Appellant Michael W. Nance was convicted of malice murder and a host of other crimes in 1997, and the jury recommended imposition of the death penalty. This Court affirmed appellant's convictions, but reversed the imposition of the death penalty on the ground that the trial court had erred when it failed to excuse a prospective juror for cause because her views in favor of capital punishment would prevent or substantially impair the performance of her duties as a juror. Nance v. State, 272 Ga. 217 (6) (526 SE2d 560) (2000)
. Because the evidence supported the jury's finding that the statutory aggravating circumstances existed, this Court concluded its opinion with the statement that "on retrial of the penalty phase, the State may again seek the death penalty. [Cit.]" Id. at 224. After the trial court entered judgment on the remittitur, appellant filed a motion to bar the State from seeking to retry him or from seeking to impose the death penalty. The trial court denied the motion, and appellant filed this direct appeal, 1
contending the trial court's denial of his motion was error. We affirm the trial court's decision.
[T]he primary purpose underlying the Double Jeopardy Clause is to prohibit the retrial of a criminal defendant where the prosecution has, at the initial trial, produced insufficient evidence to sustain a conviction. [Cits.] The general rule is that the retrial of the defendant is not barred where reversal of the conviction results from trial error rather than evidentiary insufficiency. [Cits.] . . . [T]he Double Jeopardy Clause stands as a bar to retrial of the defendant . . . where the prosecutor has goaded the defense into making a motion for a mistrial in order for the prosecution to avoid reversal of the conviction because of prosecutorial or judicial error, or to otherwise obtain a more favorable chance for a guilty verdict on retrial. [Cits.]
Williams v. State, 258 Ga. 305 (1) (369 SE2d 232) (1988)
. In addition, a retrial is barred when a criminal defendant's conviction is reversed due to intentional prosecutorial misconduct "purposefully designed to secure an opportunity to retry the case. . . ." Dinning v. State, 267 Ga. 879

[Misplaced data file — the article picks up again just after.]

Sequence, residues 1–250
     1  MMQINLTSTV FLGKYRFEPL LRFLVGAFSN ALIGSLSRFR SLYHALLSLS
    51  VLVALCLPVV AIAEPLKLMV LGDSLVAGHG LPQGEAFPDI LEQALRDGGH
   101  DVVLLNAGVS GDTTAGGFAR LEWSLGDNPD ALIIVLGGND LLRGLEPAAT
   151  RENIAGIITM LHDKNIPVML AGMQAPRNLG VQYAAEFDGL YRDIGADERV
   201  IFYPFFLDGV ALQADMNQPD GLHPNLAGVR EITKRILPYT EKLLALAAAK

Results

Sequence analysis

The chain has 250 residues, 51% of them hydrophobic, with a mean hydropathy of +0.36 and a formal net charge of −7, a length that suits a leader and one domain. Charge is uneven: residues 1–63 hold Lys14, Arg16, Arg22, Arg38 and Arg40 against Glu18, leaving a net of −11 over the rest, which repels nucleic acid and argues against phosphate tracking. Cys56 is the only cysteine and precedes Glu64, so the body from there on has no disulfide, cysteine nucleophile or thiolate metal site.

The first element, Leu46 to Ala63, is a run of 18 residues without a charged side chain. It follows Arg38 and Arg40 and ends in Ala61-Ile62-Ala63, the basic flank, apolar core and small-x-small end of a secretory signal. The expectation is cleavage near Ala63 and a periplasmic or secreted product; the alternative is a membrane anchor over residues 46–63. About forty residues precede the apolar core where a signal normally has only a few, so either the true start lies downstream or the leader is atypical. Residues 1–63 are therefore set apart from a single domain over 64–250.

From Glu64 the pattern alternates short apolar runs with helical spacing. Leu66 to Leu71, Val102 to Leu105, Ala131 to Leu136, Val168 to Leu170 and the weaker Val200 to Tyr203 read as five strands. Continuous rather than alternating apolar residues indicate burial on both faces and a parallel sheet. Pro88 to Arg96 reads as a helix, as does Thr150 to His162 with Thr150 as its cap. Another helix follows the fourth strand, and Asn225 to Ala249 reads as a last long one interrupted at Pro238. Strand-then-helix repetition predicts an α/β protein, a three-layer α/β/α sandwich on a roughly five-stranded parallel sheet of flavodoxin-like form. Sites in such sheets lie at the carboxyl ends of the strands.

, 880 (485 SE2d 464
Appellant's conviction was reversed due to trial error rather than evidentiary insufficiency, and the defense was not goaded into making a motion for mistrial. See Nance v. State, supra, 272 Ga. at 218, 224. Accordingly, the Double Jeopardy Clause will bar retrial of the penalty phase in the present case only if the reversal of the death sentence was due to intentional prosecutorial misconduct. Appellant suggests that the trial court's failure at the first trial to excuse for cause the juror whose presence on the jury was found to be reversible error was the result of the trial court being misled by the prosecuting attorney's vigorous objection to appellant's assertion that the juror should be excused for cause. The prosecuting attorney's argument in opposition to defense counsel's motion is not the intentional prosecutorial misconduct necessary to bar a retrial. See, e.g., Childress v. State, 268 Ga. 386 (2) (489 SE2d 799) (1997)
(prosecuting attorney's failure to disclose the terms of a non-existent deal was not intentional prosecutorial misconduct). Furthermore, the record does not reflect that the prosecuting attorney's argument in favor of retaining the prospective juror was "purposefully designed to secure an opportunity to retry the case. . . ." Dinning v. State, supra, 267 Ga. at 880. Accordingly, appellant's constitutional protection against double jeopardy does not bar the retrial brought about by our reversal of the imposition of the death penalty. Id.; Childress v. State, supra.
Daniel J. Porter, District Attorney, Phil Wiley, Assistant District Attorney, Thurbert E. Baker, Attorney General, for appellee.